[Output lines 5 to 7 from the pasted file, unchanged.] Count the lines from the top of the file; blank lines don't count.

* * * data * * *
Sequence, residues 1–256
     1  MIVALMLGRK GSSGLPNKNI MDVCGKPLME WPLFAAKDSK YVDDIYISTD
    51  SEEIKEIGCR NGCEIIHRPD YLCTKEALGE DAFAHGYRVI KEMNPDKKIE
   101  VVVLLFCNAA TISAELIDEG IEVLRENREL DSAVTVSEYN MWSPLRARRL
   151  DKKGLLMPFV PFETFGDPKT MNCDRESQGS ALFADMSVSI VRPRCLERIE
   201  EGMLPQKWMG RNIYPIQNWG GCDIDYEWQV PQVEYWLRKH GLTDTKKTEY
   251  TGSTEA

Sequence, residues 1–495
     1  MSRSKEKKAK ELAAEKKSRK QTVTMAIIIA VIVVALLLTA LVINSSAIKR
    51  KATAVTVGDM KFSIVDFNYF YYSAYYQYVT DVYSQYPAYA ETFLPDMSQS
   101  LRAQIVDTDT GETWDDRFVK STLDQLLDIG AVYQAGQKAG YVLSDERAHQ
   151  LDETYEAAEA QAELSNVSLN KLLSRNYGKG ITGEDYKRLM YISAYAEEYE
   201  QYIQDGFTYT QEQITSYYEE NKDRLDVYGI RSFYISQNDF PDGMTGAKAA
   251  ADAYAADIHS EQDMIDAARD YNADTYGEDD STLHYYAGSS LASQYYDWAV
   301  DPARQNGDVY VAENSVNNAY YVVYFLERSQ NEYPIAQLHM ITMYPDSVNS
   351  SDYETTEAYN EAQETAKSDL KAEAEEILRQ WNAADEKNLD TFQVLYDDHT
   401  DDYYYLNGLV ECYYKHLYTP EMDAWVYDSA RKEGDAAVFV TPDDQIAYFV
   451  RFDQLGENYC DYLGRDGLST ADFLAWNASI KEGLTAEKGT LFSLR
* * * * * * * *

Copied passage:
   151  DKKGLLMPFV PFETFGDPKT MNCDRESQGS ALFADMSVSI VRPRCLERIE
   201  EGMLPQKWMG RNIYPIQNWG GCDIDYEWQV PQVEYWLRKH GLTDTKKTEY
   251  TGSTEA